New guidance to help maximise climate change mitigation through the restoration of natural areas

Posted: 17th November 2022

Photo: Blue Nomads / Rewilding Europe

Finding ways to mitigate climate change impacts is now an existential necessity. In recent years, there has been a growing recognition of the contribution that landscape restoration makes to climate change mitigation. However, the links between climate change, biodiversity loss and restoration are often not well recognised in national policies and at high level events like the UN climate change conferences (UN Climate CoPs).

The Endangered Landscapes Programme (ELP) funds and facilitates the restoration of natural areas across Europe, showcasing real world examples of large-scale biodiversity conservation projects and how they can contribute to climate change mitigation efforts. With this work, UNEP-WCMC, in collaboration with the Royal Society for the Protection of Birds and BirdLife International, highlight that biodiversity conservation can be a key tool to mitigate climate change, contributing to achieving the ambitions of the Convention of Biological Diversity and United Nations Framework Convention on Climate Change.

River in a floodplain forest with overhanging trees.

Restoring landscapes can increase the amount of greenhouse gasses that they absorb and store. Photo: SABUKO.

As part of this work, partners developed a how-to guide to help restoration practitioners use two tools – the Carbon Benefits Project and EX-ACT – to quantify the climate change mitigation potential of ELP landscape restoration projects. These tools are based on the guidance and methodologies from the Intergovernmental Panel on Climate Change, and allow users to enter data about their projects to produce rapid assessments of climate mitigation potential, compared to a scenario where the project does not take place. These tools were originally created to assess the progress of projects focused on land management, but have been adopted in conservation projects due to lack of similar tools created for the field. However, they can be challenging to use for newcomers, making a how-to guide essential for people to understand them and apply them correctly.

Our new guidance allows restoration practitioners to better understand the ethos, tools, and methods that can be used to produce greenhouse gas balance estimates for ecosystem restoration actions. It is intended to cover the full process of the assessment, from selecting an appropriate tool, to collecting data, developing scenarios, and understanding the results. The goal is to enable restoration projects to better demonstrate their multiple benefits, even where climate change mitigation was not a core aim of the project. This evidence will then underscore the importance of climate change mitigation at the policy making level, improving support for projects, and potentially unlocking additional funding from donors and members of the private sector looking to invest in restoration projects as part of their net-zero targets.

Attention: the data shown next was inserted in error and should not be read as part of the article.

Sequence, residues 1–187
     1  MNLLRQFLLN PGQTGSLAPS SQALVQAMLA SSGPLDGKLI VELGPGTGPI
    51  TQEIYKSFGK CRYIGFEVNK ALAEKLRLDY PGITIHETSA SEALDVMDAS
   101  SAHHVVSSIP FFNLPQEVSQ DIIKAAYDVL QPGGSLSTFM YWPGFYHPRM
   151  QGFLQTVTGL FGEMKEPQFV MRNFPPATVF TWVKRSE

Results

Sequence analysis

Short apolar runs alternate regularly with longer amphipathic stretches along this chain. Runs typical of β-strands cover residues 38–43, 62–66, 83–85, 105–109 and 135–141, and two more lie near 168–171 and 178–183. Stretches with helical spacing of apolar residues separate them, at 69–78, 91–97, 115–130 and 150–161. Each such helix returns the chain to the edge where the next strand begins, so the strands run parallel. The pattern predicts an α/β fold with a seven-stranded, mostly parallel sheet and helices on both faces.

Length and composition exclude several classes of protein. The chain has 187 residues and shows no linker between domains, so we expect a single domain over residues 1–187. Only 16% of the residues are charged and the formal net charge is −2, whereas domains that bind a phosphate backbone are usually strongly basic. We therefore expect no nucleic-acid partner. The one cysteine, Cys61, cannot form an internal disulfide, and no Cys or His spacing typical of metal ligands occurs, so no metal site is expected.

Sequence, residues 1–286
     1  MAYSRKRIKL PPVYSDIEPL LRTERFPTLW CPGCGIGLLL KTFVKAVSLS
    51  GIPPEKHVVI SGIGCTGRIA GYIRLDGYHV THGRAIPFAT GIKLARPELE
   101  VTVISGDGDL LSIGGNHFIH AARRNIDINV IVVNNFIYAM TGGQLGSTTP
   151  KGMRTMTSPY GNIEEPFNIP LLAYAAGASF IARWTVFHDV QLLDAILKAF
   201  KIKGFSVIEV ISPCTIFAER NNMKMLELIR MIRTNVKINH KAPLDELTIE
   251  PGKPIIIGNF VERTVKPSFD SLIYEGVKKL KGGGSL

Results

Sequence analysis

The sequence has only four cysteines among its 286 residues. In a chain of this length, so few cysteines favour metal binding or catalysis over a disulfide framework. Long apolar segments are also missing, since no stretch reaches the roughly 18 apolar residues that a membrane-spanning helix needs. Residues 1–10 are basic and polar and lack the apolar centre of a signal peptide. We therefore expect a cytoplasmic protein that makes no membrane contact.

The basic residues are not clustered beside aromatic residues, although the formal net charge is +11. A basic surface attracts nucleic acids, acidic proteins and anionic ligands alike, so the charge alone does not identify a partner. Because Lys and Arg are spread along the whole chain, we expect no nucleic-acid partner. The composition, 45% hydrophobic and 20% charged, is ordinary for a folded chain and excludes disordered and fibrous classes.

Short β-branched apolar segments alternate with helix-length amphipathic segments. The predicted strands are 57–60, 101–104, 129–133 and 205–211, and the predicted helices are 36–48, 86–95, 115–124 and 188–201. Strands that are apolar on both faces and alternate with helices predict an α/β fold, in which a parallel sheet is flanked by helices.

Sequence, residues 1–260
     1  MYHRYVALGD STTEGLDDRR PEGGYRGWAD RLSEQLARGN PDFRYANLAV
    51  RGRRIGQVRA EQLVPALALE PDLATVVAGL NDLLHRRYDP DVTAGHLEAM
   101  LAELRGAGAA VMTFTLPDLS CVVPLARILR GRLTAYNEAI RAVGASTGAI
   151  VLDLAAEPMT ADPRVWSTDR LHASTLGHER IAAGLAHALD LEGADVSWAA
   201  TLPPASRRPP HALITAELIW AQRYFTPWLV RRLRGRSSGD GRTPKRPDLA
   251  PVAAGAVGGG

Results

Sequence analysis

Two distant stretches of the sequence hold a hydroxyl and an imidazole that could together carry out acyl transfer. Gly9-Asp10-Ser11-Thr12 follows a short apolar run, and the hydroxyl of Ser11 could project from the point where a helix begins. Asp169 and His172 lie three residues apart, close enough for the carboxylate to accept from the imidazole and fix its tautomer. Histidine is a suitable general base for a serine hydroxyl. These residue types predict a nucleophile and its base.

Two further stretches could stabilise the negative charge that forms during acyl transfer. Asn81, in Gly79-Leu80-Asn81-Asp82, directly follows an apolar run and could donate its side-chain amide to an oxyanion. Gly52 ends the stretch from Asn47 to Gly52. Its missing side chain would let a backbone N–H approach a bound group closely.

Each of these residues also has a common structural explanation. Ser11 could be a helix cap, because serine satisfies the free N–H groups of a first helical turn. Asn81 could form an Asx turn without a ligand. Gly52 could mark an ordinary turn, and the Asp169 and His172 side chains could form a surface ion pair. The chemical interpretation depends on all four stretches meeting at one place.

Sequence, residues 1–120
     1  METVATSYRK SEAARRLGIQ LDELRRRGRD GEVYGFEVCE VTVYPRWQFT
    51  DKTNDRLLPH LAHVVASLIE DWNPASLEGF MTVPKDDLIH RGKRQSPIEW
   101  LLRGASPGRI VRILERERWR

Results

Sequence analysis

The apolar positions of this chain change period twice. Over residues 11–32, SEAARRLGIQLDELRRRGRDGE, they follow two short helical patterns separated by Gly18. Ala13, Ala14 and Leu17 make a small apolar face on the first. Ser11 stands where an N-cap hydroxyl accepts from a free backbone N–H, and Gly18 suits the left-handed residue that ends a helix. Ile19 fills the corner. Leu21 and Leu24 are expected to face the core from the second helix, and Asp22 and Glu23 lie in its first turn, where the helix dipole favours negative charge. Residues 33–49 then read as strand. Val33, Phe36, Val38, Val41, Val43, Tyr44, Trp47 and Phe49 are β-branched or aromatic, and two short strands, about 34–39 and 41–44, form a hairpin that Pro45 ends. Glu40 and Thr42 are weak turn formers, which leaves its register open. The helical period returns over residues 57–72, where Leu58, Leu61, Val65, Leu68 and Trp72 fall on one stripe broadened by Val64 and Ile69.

It is important for restoration projects to be able to demonstrate their climate benefits in order to secure funding and engage communities. Photo: Mark Hamblin /

The project team engaged with nine ELP projects to apply these tools and understand their suitability for use with large-scale restoration projects. These projects covered a diverse range of ecosystems and restoration interventions across Europe, such as peatland rewetting, grassland restoration, herbivore reintroductions, and reforestation. Through applying these tools, we were able to better understand their strengths and limitations and develop guidance to help practitioners through the process of these assessments.

Within the new guidance, we aimed to select case studies which represented the breadth of ecosystems covered as well as a mix of geographical locations. Using the tools covered in the new guidance, we carried out assessments across these restoration projects, including the Cairngorms Connect project in the Cairngorms National Park in Scotland, and in the Greater Côa Valley in Portugal. Subsets of these projects were assessed, covering 31,200 hectares and 918 hectares of land respectively, and interventions carried out between 2000 and 2020. The interventions within the Cairngorms National Park had positive climate mitigation impacts, through restoring peatlands, and reducing the degradation of grassland through the reduction of deer grazing intensity. In the Greater Côa Valley, the assessment showed that emissions caused by animals and grassland degradation were substantially reduced between 2000 and 2020. Summaries for all projects can be found on the ELP website and in a webinar carried out by UNEP-WCMC and partners.

Water buffalo, (Bubalus bubalis) in water.

Restoring biodiversity and keystone species contributes to a functioning ecosystem. Photo: Staffan Widstrand / Rewilding Europe.

Our work further evidences how ecosystem restoration can have substantial benefits for climate change mitigation. Despite some challenges, it is possible to apply assessment tools to quickly quantify the potential climate change mitigation contributions of large restoration projects. These assessments can help to demonstrate climate change mitigation as a substantial benefit of ecosystem restoration.

This article was written by Megan Critchley, Programme Officer in UNEP-WCMC’s Nature-Based Solutions team. The guide was created as part of an ELP-supported Advancing and Applying Knowledge project in collaboration with UNEP-WCMC, the Royal Society for the Protection of Birds and BirdLife International. You can find the guide in our resources page. 

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